A novel of tremendous imagination, Neil Smith's Boo tells the story of Oliver "Boo" Dalrymple, who arrives in heaven after dying of an apparent heart defect in front of his locker. But Boo's afterlife – his nickname forced upon him for his ghost-white complexion and appearance – is unlike any documented thus far.
For starters, "Town," as Heaven is referred to, is bracketed off by age and nationality, making this particular environment the domain of 13-year-old Americans. (There are murmurs of a Canadian version to the north, a Mexican one to the south and a Chinese one nearby). "Forget the brooks, mountains, waterfalls, and forests," Oliver writes. "To get a good picture of Town, imagine instead a vast housing project." As Oliver, a junior researcher and evangelist of the scientific method, goes about discovering his new home – with its imperfect plumbing, lobster towels and hand-me-down clothes – another boy from his childhood arrives, bearing startling news about the circumstances of their deaths. A school shooting, a revolver, a scream in the hallways. Thinking the shooter – "Gunboy" – may be hiding in plain sight, Oliver and his new friends set out to track him down and their discoveries unveil themselves at a fantastic pace.
Simply put, Boo is a beautiful book. It not only features a captivating plot of adventure and mystery, but allows Oliver to explore the world that Smith has established for him with an intimacy and authenticity that is both rare and deserving of celebration. Much of this has to do with Smith's ability to divorce his setting from pre-existing imagery of the transcendental. Early on, Smith has Oliver rename "the god of our heaven" as "Zig." The move, which at first seems satirical, takes on a particular purpose after time; allowing Smith to collapse his readers' preconceived notions of the divine and bring some of these back when he sees fit. (Finicky territory, considering the whole afterlife thing. Boo's subject matter does have enough to perhaps draw the ire from zealots calling for its banishment). By reinventing the conditions of a setting that already seems so familiar, Smith achieves a provocative tension that even the best fiction writers strive for: He has created a world left totally open to imagination, but still susceptible to certain rules. And it is in this environment in which Oliver – socially awkward, kind of annoying and yet absolutely endearing – truly comes into his own.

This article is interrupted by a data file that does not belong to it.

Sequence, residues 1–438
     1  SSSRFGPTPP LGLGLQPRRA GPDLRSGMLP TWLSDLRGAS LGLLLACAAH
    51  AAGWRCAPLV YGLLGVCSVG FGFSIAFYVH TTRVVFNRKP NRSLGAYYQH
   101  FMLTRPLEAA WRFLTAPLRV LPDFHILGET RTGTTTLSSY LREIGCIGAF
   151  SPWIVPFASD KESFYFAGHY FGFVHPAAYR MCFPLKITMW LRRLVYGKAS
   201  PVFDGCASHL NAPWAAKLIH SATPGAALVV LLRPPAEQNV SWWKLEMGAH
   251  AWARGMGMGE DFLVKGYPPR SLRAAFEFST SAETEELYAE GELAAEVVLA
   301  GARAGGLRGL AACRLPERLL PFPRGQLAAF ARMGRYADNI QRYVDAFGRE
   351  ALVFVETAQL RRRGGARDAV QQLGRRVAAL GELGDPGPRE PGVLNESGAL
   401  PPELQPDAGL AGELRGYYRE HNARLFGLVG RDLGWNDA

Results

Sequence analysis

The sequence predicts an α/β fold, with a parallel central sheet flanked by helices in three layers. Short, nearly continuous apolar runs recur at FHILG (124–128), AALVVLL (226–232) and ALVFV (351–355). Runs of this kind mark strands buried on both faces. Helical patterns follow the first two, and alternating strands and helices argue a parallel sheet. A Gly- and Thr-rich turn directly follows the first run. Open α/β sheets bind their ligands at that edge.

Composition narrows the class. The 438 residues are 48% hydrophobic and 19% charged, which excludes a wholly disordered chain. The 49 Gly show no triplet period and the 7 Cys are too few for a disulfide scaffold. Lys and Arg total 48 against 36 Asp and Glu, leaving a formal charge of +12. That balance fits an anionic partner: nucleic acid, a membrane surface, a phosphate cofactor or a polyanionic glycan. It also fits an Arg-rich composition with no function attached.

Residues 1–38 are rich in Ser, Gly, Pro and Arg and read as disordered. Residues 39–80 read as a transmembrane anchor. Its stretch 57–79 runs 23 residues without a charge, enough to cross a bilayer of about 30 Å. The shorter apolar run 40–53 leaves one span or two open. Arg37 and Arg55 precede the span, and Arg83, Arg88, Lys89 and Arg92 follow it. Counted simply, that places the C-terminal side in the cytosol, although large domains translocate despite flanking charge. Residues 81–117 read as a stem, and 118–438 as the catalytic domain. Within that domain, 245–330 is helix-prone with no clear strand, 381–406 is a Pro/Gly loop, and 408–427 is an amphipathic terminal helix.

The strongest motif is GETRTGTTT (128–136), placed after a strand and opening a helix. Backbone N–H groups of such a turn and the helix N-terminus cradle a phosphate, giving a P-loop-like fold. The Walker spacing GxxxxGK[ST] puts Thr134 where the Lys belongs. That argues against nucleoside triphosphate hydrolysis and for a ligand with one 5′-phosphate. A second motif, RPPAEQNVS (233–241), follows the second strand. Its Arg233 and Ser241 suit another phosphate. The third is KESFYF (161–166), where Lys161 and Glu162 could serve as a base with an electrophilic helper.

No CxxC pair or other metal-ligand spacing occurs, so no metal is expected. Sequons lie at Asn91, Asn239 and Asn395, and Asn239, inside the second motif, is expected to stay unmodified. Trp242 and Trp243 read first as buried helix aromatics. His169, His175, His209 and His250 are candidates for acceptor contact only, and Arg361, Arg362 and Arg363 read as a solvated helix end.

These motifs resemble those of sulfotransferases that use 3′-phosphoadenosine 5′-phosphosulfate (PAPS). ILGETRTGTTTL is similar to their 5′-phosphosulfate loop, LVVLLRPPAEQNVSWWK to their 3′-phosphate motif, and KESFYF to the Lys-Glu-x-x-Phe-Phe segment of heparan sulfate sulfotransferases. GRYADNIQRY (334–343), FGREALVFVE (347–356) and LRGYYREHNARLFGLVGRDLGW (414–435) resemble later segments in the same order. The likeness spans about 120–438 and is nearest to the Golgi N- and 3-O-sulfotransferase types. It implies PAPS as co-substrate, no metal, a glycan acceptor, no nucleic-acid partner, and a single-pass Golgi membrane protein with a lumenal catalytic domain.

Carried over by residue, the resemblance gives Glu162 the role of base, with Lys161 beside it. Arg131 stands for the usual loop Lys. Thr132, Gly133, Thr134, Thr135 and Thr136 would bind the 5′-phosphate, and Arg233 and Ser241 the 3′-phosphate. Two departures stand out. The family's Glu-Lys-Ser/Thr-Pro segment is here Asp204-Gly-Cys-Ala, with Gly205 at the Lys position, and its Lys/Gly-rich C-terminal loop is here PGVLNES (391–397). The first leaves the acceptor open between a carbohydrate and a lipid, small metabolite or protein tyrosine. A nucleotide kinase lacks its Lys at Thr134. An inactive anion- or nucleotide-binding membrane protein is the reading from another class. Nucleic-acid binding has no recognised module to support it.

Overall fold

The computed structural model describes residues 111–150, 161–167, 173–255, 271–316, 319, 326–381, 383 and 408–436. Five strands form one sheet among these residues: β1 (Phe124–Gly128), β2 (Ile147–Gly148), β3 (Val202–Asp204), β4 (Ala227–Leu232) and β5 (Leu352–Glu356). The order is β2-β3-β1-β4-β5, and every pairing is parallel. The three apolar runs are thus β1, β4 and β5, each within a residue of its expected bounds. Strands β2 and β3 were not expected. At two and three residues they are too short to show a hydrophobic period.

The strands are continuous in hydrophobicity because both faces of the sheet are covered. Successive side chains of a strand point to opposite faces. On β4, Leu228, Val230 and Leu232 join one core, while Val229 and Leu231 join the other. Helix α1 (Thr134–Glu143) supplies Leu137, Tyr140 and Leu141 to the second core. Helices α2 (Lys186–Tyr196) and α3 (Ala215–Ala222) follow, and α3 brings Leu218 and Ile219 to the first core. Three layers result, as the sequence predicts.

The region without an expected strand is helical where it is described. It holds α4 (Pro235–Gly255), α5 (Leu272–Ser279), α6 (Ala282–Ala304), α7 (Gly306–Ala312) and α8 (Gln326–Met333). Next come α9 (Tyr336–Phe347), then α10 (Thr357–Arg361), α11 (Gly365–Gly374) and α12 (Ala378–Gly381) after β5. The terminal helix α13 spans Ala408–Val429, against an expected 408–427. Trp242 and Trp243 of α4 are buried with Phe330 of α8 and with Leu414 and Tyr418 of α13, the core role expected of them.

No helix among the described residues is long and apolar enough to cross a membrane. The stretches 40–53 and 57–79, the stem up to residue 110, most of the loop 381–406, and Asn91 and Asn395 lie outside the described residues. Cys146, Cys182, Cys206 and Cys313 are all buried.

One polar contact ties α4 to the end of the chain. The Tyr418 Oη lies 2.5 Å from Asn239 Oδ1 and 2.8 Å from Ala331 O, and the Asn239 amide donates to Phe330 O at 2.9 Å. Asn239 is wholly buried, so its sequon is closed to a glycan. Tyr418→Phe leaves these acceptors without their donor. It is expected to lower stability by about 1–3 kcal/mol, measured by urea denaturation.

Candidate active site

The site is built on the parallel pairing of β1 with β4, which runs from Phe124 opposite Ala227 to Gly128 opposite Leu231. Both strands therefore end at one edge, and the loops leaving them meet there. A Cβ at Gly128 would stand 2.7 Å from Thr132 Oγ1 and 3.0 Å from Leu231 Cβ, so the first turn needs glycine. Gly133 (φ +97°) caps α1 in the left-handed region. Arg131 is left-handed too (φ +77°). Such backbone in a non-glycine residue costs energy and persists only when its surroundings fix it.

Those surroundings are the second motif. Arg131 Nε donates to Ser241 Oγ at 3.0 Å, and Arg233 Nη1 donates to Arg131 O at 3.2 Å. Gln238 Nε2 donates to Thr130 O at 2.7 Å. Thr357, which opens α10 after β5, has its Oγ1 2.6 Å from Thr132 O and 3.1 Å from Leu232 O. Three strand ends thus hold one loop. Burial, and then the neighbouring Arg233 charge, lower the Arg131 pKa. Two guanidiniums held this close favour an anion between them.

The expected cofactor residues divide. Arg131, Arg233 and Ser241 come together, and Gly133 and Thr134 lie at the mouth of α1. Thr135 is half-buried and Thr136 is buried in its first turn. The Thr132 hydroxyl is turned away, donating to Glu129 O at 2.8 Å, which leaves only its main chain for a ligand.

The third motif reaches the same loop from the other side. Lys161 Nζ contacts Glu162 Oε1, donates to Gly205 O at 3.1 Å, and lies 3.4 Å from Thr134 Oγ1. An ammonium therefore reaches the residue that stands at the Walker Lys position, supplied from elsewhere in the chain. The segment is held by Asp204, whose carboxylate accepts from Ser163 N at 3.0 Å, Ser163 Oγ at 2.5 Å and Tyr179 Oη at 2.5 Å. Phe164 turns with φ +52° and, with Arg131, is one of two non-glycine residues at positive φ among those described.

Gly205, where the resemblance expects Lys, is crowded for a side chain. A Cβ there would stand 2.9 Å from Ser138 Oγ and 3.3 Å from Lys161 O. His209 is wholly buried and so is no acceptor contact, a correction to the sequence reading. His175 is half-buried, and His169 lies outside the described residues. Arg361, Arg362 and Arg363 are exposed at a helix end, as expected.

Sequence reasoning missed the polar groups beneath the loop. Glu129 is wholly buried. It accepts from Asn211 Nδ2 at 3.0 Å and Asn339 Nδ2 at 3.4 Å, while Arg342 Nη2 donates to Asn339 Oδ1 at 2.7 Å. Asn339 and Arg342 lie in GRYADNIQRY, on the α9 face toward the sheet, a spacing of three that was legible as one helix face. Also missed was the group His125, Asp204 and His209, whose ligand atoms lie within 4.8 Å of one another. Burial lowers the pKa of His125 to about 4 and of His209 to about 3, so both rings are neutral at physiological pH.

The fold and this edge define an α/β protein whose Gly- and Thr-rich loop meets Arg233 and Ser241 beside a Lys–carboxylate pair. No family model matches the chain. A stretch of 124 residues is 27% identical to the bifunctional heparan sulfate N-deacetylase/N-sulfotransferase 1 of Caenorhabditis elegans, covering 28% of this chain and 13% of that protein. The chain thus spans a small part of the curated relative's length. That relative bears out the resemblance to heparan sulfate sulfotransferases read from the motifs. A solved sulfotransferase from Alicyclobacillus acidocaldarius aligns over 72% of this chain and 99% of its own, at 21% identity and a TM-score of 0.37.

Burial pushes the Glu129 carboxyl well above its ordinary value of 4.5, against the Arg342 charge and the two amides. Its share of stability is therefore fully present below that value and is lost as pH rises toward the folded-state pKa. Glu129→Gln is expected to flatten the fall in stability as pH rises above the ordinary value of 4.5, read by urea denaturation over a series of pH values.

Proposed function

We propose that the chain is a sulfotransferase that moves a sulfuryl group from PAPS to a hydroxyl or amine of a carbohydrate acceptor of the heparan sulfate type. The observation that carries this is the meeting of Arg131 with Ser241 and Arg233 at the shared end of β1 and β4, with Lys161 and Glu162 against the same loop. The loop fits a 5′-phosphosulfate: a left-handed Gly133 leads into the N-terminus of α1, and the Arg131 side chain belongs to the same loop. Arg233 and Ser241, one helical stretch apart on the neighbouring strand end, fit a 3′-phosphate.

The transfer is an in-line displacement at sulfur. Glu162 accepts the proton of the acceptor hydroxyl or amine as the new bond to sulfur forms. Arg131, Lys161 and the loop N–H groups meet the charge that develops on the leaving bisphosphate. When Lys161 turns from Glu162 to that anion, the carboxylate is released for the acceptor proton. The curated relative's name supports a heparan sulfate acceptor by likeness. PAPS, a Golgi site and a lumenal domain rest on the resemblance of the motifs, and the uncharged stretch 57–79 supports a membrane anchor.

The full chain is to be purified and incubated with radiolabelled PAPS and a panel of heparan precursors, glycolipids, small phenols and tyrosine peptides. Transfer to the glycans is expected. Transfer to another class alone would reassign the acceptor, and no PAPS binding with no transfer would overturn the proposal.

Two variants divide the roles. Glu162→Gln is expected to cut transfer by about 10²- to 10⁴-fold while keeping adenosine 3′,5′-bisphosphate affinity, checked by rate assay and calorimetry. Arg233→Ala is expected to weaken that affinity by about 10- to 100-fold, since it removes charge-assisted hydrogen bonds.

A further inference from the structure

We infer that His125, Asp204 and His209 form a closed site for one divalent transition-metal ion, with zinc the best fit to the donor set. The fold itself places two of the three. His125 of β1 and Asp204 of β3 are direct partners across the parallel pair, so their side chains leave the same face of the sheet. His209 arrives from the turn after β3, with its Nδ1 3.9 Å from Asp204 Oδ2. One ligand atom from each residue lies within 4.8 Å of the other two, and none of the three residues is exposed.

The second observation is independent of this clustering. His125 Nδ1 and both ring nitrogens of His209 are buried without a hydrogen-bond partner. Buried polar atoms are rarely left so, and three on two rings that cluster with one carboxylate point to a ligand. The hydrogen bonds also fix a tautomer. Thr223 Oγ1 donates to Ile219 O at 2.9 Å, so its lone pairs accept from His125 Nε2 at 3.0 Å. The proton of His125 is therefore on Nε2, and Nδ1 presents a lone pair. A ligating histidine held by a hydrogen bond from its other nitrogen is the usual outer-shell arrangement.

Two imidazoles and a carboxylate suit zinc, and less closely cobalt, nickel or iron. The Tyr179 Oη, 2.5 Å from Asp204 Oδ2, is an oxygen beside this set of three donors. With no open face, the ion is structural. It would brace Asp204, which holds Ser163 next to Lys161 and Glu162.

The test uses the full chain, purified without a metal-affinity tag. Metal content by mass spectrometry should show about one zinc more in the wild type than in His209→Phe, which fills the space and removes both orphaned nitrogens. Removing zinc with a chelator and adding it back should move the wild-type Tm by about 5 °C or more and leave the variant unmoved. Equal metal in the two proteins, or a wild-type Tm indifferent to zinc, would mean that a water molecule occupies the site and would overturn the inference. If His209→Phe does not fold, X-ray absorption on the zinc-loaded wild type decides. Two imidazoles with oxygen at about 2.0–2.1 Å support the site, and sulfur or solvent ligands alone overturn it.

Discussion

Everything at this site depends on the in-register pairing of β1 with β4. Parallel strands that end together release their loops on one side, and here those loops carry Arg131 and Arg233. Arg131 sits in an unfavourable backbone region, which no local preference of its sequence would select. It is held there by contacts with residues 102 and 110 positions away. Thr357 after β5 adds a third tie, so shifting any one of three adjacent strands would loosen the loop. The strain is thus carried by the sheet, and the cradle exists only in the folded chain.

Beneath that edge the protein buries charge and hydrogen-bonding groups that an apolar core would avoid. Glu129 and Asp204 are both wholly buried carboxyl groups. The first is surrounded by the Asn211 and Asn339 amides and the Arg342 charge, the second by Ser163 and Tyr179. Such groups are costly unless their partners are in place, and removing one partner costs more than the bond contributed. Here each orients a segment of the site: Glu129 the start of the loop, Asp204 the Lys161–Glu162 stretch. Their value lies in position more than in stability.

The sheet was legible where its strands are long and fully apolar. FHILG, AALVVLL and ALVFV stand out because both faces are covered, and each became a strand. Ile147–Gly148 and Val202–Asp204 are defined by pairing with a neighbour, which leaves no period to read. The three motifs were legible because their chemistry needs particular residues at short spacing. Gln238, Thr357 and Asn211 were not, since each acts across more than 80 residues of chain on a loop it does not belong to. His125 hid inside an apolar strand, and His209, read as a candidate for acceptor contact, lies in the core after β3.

It isn't all pretty, however. Smith can occasionally press a bit too firmly on Oliver's voice, offering what can seem like forced injections of quirkiness through an aside or off-handed remark, often at the expense of pace. The book is also riddled with literary references, some of which seem more relevant than others. In some moments, Smith goes to great pains to stress his themes, probably so his younger readers can feel that they are seeing everything unfold. But for a novel that so adequately captures the emotional and intellectual complexities apparent in young adults, it seems peculiar that Smith does not expect the same of his readers.
Such lapses can be disappointing, but they in no way unsettle the successes of the novel. When Smith allows his narrator to inhabit his surroundings, the results are harmonious. With Oliver's maturation, Boo proves to be less instructive about the afterlife than the one before it. Smith clearly intends his work to be not only highly readable but discussed, with issues of race, class, disability, mental health, violence and bullying addressed throughout. (One such example comes by way of Oliver's relationship with his parents, which is beautifully acknowledged but not cascaded.) There is a sadness lingering behind the pages of this book and a sensitivity that is easy to attempt but harder to capture. With Boo, Neil Smith has written something valuable and important for both young readers and older ones. We should thank Zig.
Nicholas Cameron is a journalist and writer from Toronto.